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Women's rights in Afghanistan

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by

Natalie W.

on 4 November 2014

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Transcript of Women's rights in Afghanistan

Today we are going to be presenting "women's rights in Afghanistan." Along with rights the population have to follow. This topic intrigued us to expand on and look at different perspectives related to it. Our choices on the subject were:
-How women have stood up in the past leading up until now.
-What rules they have to follow.
-The difference of the rights until now.
-What it's like to be born into an Afghan family (if you are a girl.)
Introduction
Some examples of how women have stood up for female rights:
-Dr Suhulia Seddiqi refused to wear a burqua and succeeded without being penalized, as her expertise was needed. After accomplishing this, Suhulia was given recognition and she transformed "from a symbol of female accomplishment for the Afghan elite into a folk heroine." After this she was given the title of the country's health minister.

- One of the most famous and commonly known is Malala Yousafzai defied the Taliban whilst in Pakistan and insisted that girls were given an education.On October 9th, 2012 while she was in a school bus traveling back home Malala was shot in the head by a Taliban gunman but survived. Malala continued to talk about the importance of education and was even nominated for a Nobel Peace Prize in 2013 and in 2014.
continuation of how women have stood up for female rights:
-Razia is the founder of Razia's Ray of Hope Foundation; a nonprofit organization devoted to bettering the lives of women and children in Afghanistan. She was nominated as a Top 10 hero in CNN history. Some awards Razia has won: Women Of Excellence Reward and multiple Rotary Club International Awards.

The difference of the rights
from then until now:
Isabella & Natalie
Rights in Afghanistan
There is a big difference in the women's rights from the past. The Taliban are not as
influential as they were on the population in the past. The rules were a lot more strict than they are now. People could receive beatings or more severe punishments if they broke a rule, now women are still punished but not as severely.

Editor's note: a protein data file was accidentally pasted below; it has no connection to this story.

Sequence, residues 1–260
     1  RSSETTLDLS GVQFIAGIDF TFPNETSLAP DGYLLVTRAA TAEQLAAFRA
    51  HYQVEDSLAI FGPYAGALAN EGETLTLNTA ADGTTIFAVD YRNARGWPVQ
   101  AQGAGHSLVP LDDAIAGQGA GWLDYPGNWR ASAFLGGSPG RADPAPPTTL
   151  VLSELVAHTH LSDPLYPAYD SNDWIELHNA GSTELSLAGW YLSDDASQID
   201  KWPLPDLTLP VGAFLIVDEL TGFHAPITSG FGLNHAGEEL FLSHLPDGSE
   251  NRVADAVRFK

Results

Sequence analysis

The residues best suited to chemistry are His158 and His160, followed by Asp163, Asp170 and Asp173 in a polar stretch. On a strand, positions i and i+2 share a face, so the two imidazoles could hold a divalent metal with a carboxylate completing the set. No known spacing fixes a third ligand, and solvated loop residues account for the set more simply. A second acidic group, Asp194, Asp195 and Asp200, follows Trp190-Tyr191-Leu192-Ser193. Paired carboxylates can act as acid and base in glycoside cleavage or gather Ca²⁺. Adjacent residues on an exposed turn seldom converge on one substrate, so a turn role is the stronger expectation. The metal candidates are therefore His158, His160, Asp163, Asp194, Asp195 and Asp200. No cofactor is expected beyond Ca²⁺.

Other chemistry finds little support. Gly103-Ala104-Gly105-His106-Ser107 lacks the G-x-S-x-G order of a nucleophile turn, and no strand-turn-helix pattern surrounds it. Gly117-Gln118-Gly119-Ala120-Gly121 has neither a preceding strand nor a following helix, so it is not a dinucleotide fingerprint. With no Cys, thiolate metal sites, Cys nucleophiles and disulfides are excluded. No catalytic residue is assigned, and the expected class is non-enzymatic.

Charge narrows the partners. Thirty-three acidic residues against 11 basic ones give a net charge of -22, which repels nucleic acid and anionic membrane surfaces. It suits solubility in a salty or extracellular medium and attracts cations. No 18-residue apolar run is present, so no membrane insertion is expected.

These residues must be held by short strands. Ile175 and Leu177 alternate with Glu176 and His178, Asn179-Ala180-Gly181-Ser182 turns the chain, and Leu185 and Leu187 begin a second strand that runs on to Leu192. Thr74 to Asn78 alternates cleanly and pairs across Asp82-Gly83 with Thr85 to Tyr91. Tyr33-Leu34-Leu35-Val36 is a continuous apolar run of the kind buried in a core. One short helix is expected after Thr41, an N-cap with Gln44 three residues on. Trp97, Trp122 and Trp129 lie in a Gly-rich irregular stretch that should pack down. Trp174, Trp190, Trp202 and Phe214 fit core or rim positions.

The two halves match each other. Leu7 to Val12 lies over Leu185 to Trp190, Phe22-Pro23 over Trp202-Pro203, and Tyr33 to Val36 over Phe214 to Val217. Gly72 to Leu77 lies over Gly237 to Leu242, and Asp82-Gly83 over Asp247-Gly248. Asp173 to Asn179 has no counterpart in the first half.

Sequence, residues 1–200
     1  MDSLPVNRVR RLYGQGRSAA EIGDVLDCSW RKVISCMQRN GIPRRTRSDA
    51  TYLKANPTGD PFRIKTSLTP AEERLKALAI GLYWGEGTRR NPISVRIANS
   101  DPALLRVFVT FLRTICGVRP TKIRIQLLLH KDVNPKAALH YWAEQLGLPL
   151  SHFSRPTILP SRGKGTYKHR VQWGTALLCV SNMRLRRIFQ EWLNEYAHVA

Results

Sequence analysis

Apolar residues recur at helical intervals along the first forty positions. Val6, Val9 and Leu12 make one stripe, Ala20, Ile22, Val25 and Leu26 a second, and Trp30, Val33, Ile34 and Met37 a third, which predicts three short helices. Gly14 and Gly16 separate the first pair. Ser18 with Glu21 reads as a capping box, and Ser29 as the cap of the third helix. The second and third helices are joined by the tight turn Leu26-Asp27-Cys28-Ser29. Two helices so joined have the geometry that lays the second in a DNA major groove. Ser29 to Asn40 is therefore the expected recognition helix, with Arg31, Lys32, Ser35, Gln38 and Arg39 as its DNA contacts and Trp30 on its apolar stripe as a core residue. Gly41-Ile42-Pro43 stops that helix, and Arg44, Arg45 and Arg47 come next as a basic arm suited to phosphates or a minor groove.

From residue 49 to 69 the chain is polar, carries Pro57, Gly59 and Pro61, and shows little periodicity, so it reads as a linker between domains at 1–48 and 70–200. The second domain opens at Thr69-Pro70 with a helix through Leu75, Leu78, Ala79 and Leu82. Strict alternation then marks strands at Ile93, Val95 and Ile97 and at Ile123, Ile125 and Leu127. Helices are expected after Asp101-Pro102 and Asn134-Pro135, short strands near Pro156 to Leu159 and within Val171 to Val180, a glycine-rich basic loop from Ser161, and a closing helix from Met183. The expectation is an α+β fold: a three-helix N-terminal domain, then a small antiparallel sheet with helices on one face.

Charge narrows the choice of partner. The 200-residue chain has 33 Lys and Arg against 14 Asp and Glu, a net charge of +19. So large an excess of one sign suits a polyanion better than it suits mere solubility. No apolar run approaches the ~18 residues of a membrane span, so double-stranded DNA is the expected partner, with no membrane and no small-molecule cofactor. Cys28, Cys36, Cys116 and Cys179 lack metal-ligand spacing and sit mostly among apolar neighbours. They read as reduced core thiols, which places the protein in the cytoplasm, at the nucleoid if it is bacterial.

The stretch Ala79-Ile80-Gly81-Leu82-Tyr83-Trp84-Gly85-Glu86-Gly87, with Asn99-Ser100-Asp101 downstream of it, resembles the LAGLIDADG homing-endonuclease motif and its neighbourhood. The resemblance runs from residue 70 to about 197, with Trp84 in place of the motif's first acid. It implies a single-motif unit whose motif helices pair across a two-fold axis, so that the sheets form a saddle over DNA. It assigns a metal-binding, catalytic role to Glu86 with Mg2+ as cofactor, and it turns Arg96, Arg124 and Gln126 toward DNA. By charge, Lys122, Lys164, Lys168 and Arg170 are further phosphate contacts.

Some rules that have changed:
-Women were not allowed to be employed but now are but only if a male relative permits it.
- Women are now allowed outside of their homes with either a male companion or a legitimate reason.
What it is like to be born into an Afghan family. (If you are a woman.)
Some examples of rules the afghan women have to follow:
Afghanistan is one of the most challenging places in the world to be a woman. The life expectancy is 44 but this statistic has immensely improved over the last few years. This is because men are much more ''important'' so the medical attention usually goes towards men so women cannot receive the medicine they require sometimes. There is also an enormous lack of education. Only one in 20 girls attend school beyond the sixth grade (P5) and there is approximately three times more boys attending school than girls. There is also a big risk by going to school, some girls have been physically harmed while attending school. During the rule of the Taliban women were treated worse than any other time in Afghanistan, but since the Taliban were deposed women have gained a lot of rights including some political rights. So overall being born into an Afghan family as a women is extremely hard and comes with a lot of different challenges.
1) Complete ban on women's work outside of their home. Only on rare occasions can they travel outside for work.

2) Ban on women's activity outside the home unless accompanied by a mahram (close male relative.)

3) Ban on women purchasing from male shopkeepers.

4) Ban on women being treated by male doctors.

5) Demand that women wear a burqua that cover them from head to toe.

6) Whipping, beating and verbal abuse of women not clothed following the Taliban rules, or of women unaccompanied by a mahram.

7)Whipping of women with ankles uncovered by their burqua.

8)Ban on the use of cosmetics. (Many women with painted nails have had fingers cut off).

9) Ban on women wearing high heel shoes, which would produce sound while walking. (A man must not hear a woman's footsteps.)

10) Ban on women shaking hands or talking with non mahram males.



Some rules the Taliban have created for the population:
1) The Taliban banned listening to music, for everyone.

2) They banned the watching of movies, television or any videos.

3) They ordered that all people with non-Islamic names change them to Islamic ones.

4) Forced haircuts upon afghan youth.

5) It is ordered that men not shave or trim their beards.

6) Ordered that all people attend prayers in mosques five times daily.

7) The Taliban banned the keeping of pigeons and playing with the birds.The violators will be imprisoned and the birds shall be killed.

8) All boy students must wear turbans. They say "No turban, no education".

9) They banned the use of the internet by both ordinary Afghans and foreigners.

10) Anyone who carries objectionable literature will be executed.


We hope you enjoyed our presentation about rights in Afghanistan!
Full transcript